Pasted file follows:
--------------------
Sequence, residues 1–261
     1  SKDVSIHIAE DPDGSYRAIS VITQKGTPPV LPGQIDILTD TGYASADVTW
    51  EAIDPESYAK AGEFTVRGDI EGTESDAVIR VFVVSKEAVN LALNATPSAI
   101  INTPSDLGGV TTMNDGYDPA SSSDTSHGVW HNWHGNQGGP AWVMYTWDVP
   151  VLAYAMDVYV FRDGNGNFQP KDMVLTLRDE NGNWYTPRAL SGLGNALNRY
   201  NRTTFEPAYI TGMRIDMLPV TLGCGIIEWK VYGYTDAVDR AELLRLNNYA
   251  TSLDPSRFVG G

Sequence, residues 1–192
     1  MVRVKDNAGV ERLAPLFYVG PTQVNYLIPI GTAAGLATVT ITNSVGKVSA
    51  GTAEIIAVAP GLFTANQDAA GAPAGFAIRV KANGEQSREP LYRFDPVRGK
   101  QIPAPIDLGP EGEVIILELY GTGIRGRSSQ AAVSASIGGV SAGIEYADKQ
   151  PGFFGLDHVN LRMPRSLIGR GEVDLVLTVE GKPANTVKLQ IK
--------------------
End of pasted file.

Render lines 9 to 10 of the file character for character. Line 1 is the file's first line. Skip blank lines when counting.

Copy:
     1  MVRVKDNAGV ERLAPLFYVG PTQVNYLIPI GTAAGLATVT ITNSVGKVSA
    51  GTAEIIAVAP GLFTANQDAA GAPAGFAIRV KANGEQSREP LYRFDPVRGK